The Internal Revenue Service has tried to make life easier for merchants that want to help customers use flexible spending accounts and health reimbursement arrangement funds.

At least temporarily, supermarkets and other retail stores with pharmacy sections and pharmacies that sell large amounts of merchandise other than health care products can accept health account debit cards, IRS officials write in IRS Notice 2007-2, “Section 105.-Amounts Received Under Accident and Health Plans.”

The IRS sparked an outcry earlier this year when it issued Notice 2006-69, a batch of advice that suggested general-purpose retailers with pharmacy sections might not be able to accept health account debit cards.

The earlier notice indicated that customers might have to provide extra substantiation for purchasers of health account-qualified products, such as bandages and vitamin pills, at stores with non-health care-related debit card merchant category codes.

The notice roiled the young, competitive health account card industry.

Congress and regulators have been vague about what consumers have to do to show that health savings account assets are going to cover qualified expenditures, but employers that sponsors FSAs and HRAs must follow detailed procedures to make sure that holders of those accounts can substantiate they have spent account funds on qualified products and services, rather than on products such as beer and pretzels.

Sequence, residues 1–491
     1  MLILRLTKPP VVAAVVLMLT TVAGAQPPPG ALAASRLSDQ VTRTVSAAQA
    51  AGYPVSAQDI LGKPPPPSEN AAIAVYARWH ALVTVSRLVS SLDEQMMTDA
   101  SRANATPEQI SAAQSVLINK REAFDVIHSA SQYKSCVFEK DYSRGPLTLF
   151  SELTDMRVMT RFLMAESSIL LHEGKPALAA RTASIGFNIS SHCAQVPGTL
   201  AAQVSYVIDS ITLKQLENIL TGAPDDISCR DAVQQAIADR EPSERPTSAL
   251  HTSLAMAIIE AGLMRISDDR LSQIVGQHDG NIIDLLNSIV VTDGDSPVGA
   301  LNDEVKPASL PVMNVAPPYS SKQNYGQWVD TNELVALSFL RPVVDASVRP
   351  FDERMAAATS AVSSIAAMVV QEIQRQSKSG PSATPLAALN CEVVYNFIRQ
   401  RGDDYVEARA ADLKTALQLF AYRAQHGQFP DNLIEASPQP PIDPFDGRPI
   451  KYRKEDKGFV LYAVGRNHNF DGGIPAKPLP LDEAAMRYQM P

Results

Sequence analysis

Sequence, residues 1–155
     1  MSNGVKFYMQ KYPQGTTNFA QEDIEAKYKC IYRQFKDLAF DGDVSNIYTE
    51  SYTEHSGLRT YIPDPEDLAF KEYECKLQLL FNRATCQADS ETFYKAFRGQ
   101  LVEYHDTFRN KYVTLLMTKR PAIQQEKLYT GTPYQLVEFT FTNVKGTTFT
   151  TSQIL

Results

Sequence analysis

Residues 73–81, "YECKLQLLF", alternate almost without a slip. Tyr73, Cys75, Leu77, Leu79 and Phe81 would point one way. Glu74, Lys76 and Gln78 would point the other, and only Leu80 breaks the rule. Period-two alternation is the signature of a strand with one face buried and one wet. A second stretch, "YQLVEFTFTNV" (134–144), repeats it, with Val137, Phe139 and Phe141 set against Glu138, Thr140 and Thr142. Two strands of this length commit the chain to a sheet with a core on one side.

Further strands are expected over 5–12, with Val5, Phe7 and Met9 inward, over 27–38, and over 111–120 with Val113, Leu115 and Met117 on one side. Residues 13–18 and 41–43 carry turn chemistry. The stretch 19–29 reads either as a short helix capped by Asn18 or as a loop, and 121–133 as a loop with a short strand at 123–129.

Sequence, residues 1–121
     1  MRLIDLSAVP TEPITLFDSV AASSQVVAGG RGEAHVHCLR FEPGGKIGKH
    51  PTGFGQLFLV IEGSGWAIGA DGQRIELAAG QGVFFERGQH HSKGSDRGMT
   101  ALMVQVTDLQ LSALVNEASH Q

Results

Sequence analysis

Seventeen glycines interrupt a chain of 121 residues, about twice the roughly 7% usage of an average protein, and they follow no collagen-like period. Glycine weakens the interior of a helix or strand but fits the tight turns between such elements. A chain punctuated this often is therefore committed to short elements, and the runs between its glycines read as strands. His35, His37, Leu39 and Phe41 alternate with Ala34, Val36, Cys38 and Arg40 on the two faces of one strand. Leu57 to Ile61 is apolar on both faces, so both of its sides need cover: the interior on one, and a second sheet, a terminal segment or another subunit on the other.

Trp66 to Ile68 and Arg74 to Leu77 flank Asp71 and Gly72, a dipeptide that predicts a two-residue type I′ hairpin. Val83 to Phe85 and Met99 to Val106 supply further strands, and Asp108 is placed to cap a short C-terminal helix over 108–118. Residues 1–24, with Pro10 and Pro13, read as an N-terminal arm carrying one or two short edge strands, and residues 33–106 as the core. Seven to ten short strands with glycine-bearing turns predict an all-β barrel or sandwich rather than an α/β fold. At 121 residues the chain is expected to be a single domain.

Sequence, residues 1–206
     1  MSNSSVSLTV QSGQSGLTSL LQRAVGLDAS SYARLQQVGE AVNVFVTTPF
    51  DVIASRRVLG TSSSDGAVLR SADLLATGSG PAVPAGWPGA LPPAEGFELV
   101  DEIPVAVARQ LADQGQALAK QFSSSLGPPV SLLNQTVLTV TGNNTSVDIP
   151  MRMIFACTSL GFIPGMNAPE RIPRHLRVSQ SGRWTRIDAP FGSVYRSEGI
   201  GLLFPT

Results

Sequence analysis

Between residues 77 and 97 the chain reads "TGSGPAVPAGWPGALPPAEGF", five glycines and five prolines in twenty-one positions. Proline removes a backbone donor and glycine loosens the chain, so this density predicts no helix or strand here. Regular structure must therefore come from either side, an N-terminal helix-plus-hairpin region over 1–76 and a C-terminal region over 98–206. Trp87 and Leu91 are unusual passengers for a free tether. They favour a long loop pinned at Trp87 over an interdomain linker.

Health account program sponsors must use a “pay and chase” program to chase after health account holders who use account assets to buy products that turn out not to be health care products or fail to provide proper substantiation for their purchases, IRS officials note in the new guidance.

In a 2003 revenue ruling, the IRS describes a debit card that can be used to purchase goods and services only from “physicians, pharmacies, dentists, vision care offices, hospitals, and other medical care providers.”

Although the first 2006 ruling did describe an inventory information approval system that could be used by merchants with non-health care related merchant category codes for substantiating employees’ claimed medical expenses, “it has been determined that transition relief is warranted for a limited period, in order for these non-health care merchants to implement the inventory information approval system,” officials write.

General-purpose stores with pharmacies and no health care merchant category code can keep accepting health account debit cards using their current systems up until Dec. 31, 2007, and then must adopt inventory information approval systems, officials write.

Employers must get receipts or other documentation to substantiate all debit card charges incurred in 2007.

Pharmacies that sell large amounts of non-health care products must adopt inventory information approval systems by Dec. 31, 2008, unless a store gets at least 90% of its gross receipts by selling items that qualify for FSA and HRA reimbursement, officials write.

A copy of the latest guidance is on the Web at Document Link